destination as well as to start a point-to-point
communication. Meanwhile, tdata is time to transmit
units of information; the reciprocal of td is the
bandwidth. It is also the transmission time to send one
bytes of data.
The tstartup and tdata are assumed as constants and
measured in bits/sec. tidle is the time for message Figure 5: Speedup and efficiency vs. no. of processors
latency and waiting time for all processors to complete
the works. The measurement of these communication P parallel comp ratio comm comm1 idle
5 31.995 27.645 6.36 4.3497 2.5472 1.8025
costs are done via simple codes that extract the time % 86.41 13.59 7.96 5.63
during message exchange. The research focus on, 10 18.136 13.823 3.20 4.3133 2.5472 1.7661
t parallel = time for parallel execution. % 76.22 23.78 14.04 9.74
15 12.987 9.2151 2.44 3.7719 2.5472 1.2247
t comm1 = α tdata + β tstartup
% 70.96 29.04 19.61 9.43
where, α and β dependent on m and L. 20 10.75 6.9113 1.80 3.8387 2.5472 1.2915
Communication cost for parallel processing is: % 64.29 35.71 23.69 12.01
L m tdata + L ( tstartup + tidle )
Where m is units of data sending across processor Table 2: Time execution, communication, idle times, ratio
and L is number of steps gained during overall of computational time and communication time for the
execution. diffusion model problem.

6 Performance Evaluation and p


2
parallel
3310.85
comp
3009.0
ratio
9.97
comm
301.80
comm1
42.488
idle
259.31
Discussion % 90.88 9.12 1.28 7.83
3 2276.44 2006.0 7.42 270.41 36.557 233.85
In this work, we are using low cost cluster to execute % 88.12 10.56 1.61 10.27
4 1709.95 1504.5 7.32 205.43 40.958 164.47
parallel program. To solve this problem we use 6 to 20 % 87.99 12.01 2.40 9.62
numbers of processors to get numerical result and parallel
performance evaluations. Table 3: Time execution, communication, idle times, ratio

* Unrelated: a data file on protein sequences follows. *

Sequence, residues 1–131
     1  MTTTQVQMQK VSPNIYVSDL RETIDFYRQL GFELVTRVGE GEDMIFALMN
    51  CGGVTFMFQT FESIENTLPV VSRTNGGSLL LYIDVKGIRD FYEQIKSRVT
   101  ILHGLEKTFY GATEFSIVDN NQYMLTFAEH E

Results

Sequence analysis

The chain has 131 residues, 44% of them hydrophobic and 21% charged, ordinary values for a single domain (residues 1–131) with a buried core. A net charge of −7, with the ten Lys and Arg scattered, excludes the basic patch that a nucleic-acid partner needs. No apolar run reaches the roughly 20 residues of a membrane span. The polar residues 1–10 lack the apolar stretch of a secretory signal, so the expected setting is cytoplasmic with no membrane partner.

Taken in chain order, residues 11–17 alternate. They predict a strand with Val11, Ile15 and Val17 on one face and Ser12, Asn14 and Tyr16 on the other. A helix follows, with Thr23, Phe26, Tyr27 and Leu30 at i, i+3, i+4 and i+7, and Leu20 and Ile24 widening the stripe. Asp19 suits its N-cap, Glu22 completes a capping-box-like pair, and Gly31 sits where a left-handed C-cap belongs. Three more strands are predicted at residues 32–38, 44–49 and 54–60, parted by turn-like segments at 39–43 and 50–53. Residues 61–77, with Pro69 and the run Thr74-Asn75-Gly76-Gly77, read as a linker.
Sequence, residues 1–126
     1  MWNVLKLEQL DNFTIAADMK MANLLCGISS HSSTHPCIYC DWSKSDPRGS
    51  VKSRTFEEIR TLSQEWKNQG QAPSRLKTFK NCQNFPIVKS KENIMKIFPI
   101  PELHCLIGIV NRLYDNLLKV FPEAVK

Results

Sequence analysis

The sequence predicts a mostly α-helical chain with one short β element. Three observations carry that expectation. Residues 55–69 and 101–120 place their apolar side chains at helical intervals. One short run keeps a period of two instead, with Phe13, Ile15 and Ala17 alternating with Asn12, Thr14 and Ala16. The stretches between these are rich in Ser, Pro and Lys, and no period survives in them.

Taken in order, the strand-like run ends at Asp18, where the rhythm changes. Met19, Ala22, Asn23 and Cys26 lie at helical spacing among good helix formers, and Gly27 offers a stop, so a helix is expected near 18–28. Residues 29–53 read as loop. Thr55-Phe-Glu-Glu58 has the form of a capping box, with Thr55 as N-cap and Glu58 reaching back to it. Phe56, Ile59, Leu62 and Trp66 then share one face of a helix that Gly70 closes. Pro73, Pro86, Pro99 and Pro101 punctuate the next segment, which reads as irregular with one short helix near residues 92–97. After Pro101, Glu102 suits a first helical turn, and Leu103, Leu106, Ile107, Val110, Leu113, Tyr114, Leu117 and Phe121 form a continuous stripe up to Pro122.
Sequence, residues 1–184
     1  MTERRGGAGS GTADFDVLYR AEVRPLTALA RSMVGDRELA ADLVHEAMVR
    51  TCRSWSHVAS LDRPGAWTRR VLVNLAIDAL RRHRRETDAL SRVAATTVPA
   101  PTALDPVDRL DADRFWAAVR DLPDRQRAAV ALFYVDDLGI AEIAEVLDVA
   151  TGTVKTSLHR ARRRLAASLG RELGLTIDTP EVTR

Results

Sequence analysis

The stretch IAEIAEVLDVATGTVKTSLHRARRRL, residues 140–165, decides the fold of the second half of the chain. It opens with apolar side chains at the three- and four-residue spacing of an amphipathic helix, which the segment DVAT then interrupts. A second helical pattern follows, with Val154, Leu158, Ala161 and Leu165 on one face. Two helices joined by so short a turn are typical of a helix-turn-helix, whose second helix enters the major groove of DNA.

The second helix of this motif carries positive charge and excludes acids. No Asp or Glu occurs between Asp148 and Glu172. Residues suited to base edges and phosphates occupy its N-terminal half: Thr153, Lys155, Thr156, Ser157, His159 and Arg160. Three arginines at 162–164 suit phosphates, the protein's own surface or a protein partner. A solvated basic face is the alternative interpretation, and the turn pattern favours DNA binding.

Table 1 depicts the speedup and efficiency for parallel of computational time and communication time for the
AGE, GSRB and direct methods. The speedup and crack propagation problem.
efficiency values of AGE and direct methods get better as
the size of processors increases which are consistent with 7

6
1.2

the results in Figure 5 and 6. Comparable speedups are


5
0.8
Efficiency
Speedup

4
0.6
3

obtained for all applications with 6 processors. It can be 2

1
0.4

0.2

observed that the efficiency of AGE method decreases 0


1 5 10 15 20
0
1 5 10 15 20
Num ber of Processors

faster than the direct method. This could be explained by Num ber of Processors

the fact that several factors lead to increase in idle time (a) (b)
0.03 0.1

such as network load, delay and load imbalance. 0.025


0.09
Temporal performance

0.08
0.07

The stable and highly accurate AGE algorithms are


Effectiveness

0.02
0.06
0.015 0.05
0.04

found to be well suited for parallel implementation on the 0.01

0.005
0.03
0.02
0.01

PVM platform where the data decomposition run 0


1 5 10
Num ber of Processors
15 20
0
1 5 10 15
Number of Processor s
20

asynchronously and concurrently at every time level. The


(c) (d)
AGE sweeps involve tridiagonal systems, which require
the solution of (2 × 2) block systems. Figure 6: Parallel performance measurement for diffusion
model problem in terms of (a) Speedup, (b) Efficiency,
(c) Effectiveness and (d) Temporal performance.

Copyright © 2009 by University Malaysia Sarawak 173


THE 6TH INTERNATIONAL CONFERENCE ON INFORMATION TECHNOLOGY IN ASIA, 2009

It can be observed in Figure 5 that processors’ number


increment will result in higher rate of speedup. Unlike
speedup, efficiency ratio will decrease as more processors
added to the parallel system. Meanwhile, analysis in the
aspect of effectiveness and temporal performance shows
positive impact as processors’ number increase. References